Oracle Scratchpad

October 1, 2012

Row sizes 2

Filed under: fragmentation,Infrastructure,Oracle — Jonathan Lewis @ 6:34 am BST Oct 1,2012

In an earlier post I showed you how you could generate SQL to analyze the distribution of row sizes in a table. In the introduction to the code I made a comment about how it failed to “allow for nulls at the end of rows”; a feature of Oracle storage that isn’t commonly known is that a set of consecutive null columns at the end of a row take up no storage space, while any null columns followed by a non-null column take up one byte (holding the value 0xFF) per column so that Oracle can “count its way” through the null columns to the non-null column. Consider this example:

create table null_demo(
	n0 number,
	n1 number,
	n2 number,
	n3 number,
	n4 number,
	n5 number,
	n6 number,
	n7 number,
	n8 number,
	n9 number
);

SQL> insert into null_demo(n0, n9) values (0,0);

1 row created.

SQL> insert into null_demo(n0, n1) values (0,0);

1 row created.

SQL> commit;

The space used by the first row in this table is 15 bytes, the space used by the second is 7 bytes (ignoring the row-directory bytes), as we can see from this partial dump of the one block containing data (note the “tl” entry):

tab 0, row 0, @0x1f91
tl: 15 fb: --H-FL-- lb: 0x1  cc: 10
col  0: [ 1]  80
col  1: *NULL*
col  2: *NULL*
col  3: *NULL*
col  4: *NULL*
col  5: *NULL*
col  6: *NULL*
col  7: *NULL*
col  8: *NULL*
col  9: [ 1]  80
tab 0, row 1, @0x1f8a
tl: 7 fb: --H-FL-- lb: 0x1  cc: 2
col  0: [ 1]  80
col  1: [ 1]  80

The difference in length is due to the eight bytes (all holding 0xFF) which tell Oracle about the 8 null columns between n0 and n9 in the first row.

Although it would be silly in this particular case to worry about saving a tiny number of bytes we could, in principle, re-arrange the column order of this table to save some space – if the columns were in the order (n0, n1, n9, n2, n3, n4, n5, n6, n7, n8) the length of the second row would be unchanged, but the total length of the first row would drop from 15 to 8.

Now, in general, it’s not worth messing about with column ordering (although I’ll tell you about one special case later on) to save space but I have seen examples, usually relating to data warehouses, where millions of rows in a table have literally dozens of consecutive null columns; in fact, at one site I came across a table where the data content averaged about 120 bytes per row and the null columns accounted for about 180 bytes per row of 0xff “marker” bytes. If you think one or two of your tables fall into this category, can you prove it, and can you work out how much space you could save, and what the best column ordering might be ? The answer is yes – using code similar to the row-sizing code I showed you in the previous posting.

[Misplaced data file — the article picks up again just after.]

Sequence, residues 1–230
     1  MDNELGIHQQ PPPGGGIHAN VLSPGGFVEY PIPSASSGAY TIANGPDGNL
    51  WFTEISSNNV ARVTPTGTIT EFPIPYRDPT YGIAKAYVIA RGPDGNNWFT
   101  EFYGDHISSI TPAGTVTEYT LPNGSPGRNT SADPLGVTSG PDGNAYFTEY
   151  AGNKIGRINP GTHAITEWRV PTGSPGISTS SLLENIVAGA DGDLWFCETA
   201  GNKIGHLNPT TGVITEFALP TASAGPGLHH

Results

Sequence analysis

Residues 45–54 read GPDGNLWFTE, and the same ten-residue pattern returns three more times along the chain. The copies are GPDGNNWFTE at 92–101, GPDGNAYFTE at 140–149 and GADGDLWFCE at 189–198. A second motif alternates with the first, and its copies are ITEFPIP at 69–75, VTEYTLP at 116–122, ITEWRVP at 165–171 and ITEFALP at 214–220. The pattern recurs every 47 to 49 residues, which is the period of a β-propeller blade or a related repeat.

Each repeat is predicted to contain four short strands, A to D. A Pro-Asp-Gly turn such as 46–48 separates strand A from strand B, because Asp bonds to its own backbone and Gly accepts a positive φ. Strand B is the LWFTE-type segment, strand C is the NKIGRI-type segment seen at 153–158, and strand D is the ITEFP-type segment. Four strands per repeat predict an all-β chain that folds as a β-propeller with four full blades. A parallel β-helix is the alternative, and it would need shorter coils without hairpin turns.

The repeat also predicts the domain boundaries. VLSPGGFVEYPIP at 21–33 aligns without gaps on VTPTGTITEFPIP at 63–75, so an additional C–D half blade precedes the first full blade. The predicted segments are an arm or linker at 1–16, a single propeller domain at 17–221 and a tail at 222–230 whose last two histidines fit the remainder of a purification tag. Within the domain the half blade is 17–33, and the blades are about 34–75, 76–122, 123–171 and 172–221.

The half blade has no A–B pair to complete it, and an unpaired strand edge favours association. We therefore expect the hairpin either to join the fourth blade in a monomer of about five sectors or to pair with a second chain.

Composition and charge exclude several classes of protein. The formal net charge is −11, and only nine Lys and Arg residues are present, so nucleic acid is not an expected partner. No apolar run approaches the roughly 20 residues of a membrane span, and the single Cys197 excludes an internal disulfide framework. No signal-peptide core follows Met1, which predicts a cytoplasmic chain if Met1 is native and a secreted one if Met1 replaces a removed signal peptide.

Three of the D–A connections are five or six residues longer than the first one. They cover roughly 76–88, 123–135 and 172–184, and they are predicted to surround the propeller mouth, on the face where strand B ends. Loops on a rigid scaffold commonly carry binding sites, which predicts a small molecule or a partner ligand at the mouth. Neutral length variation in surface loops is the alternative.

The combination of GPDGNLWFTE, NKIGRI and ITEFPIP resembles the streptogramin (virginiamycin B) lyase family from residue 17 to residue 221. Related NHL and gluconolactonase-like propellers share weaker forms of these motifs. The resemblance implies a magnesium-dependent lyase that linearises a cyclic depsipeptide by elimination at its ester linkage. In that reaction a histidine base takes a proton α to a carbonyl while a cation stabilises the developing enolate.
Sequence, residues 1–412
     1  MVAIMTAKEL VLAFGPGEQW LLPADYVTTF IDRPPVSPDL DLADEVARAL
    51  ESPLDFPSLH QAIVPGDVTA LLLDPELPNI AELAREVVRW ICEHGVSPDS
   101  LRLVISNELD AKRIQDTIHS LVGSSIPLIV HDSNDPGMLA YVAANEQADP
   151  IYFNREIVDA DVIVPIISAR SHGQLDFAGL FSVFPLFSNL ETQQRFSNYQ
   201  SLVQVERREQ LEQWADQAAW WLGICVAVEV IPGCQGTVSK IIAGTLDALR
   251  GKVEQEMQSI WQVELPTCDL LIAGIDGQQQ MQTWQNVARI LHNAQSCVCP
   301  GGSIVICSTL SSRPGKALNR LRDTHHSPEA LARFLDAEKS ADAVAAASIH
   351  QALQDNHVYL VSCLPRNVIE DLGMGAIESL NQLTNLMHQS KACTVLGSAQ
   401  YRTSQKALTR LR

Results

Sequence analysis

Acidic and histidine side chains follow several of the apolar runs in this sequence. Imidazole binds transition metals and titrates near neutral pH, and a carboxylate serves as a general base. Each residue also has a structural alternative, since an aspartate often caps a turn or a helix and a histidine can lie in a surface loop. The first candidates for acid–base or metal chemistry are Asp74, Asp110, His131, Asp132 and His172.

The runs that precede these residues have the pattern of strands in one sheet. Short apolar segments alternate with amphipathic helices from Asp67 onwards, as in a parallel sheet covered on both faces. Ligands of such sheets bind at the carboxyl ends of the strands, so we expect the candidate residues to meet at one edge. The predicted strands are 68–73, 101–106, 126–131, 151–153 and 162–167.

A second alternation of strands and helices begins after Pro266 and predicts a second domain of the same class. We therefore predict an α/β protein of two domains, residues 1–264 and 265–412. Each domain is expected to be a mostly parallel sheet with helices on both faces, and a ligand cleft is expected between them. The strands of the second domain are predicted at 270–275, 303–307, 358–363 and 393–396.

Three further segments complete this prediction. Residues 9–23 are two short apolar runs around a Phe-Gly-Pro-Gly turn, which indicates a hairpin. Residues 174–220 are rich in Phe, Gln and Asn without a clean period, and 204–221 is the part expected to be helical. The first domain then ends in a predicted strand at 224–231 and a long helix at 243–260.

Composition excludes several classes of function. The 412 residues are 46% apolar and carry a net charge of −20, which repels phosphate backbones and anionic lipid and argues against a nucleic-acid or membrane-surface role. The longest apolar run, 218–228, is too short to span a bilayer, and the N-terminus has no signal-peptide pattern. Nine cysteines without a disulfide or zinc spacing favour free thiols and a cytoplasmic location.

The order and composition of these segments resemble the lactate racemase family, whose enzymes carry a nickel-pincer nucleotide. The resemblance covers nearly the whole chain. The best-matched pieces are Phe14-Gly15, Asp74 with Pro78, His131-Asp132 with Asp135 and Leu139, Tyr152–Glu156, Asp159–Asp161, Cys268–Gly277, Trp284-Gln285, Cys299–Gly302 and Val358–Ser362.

We simply need to construct a piece of SQL that selects every column in the table in the right order, converts nulls to spaces and non-null columns to a single character such as an asterisk or hyphen, then concatenates the result to create a string representing the pattern of data in the column; then we aggregate and count the different patterns. Here’s the code – as before, it’s only going to work for simple heap tables with the basic types:

declare
	m_string	varchar2(32000) := 'select null ';
	m_cursor	sys_refcursor;

	m_length	number;
	m_pattern	varchar2(1000);
	m_ct		number;

begin
	for r in (
		select column_name, data_type
		from	user_tab_columns
		where	table_name = upper('&m_table')		-- choose your TABLE
		and	data_type not in (
				'LONG',
				'LONG RAW',
				'CLOB',
				'NCLOB',
				'BLOB'
			)
		order by
			column_id
	) loop
		m_string := m_string ||
				' || decode (' ||
				r.column_name ||
				',null,'' '',''-'') ' ||	-- nulls turn into spaces, non-null to hyphen
				chr(10)
		;

	end loop;

	m_string :=
			'select length(rtrim(pattern)) length, Pattern, count(*) ct from (' ||
			m_string ||
			' pattern from &m_table ) group by pattern order by length(trim(pattern)), pattern'
	;	-- trim trailing spaces, then count and sort

--	dbms_output.put_line(m_string);

	dbms_output.put_line(
		rpad('Length',8) ||
		rpad('Pattern',40)   ||
		rpad('Count',12)
	);

	dbms_output.put_line(
		rpad('-',7,'-') || ' ' ||
		rpad('-',39,'-') || ' ' ||
		rpad('-',11,'-')
	);

	open m_cursor for m_string;
	loop
		fetch m_cursor
		into
			m_length, m_pattern, m_ct
		;

		exit when m_cursor%notfound;

		dbms_output.put_line(
			lpad(to_char(m_length,'FM999,999'),7) || ' ' ||
			rpad(m_pattern,39)   || ' ' ||
			lpad(to_char(m_ct,'FM999,999,999'),11)
		);

	end loop;

	close m_cursor;

end;
/

Here’s a sample of the output – it’s the obj$ table from a typical 11.2.0.3 install:

Length  Pattern                                 Count
------- --------------------------------------- -----------
     18 - --- -----  - ---                           52,369
     18 - --- -----  -----                            1,860
     18 - ---------  - ---                                3
     18 ----- -----  - ---                            4,209
     18 ----- -----  -----                               70
     18 -----------  - ---                              262

Immediately you can see that (for THIS system) we could save about 2 * 58,000 bytes if we moved columns 12 and 13 (remoteowner and linkname) to appear after the current column 18 (spare3). So let’s do a “create as select” to copy the columns in the new order, and see what the result looks like:

Length  Pattern                                 Count
------- --------------------------------------- -----------
     16 - --- ------ ---                             52,369
     16 - --- ----------                              1,860
     16 - ---------- ---                                  3
     16 ----- ------ ---                              4,210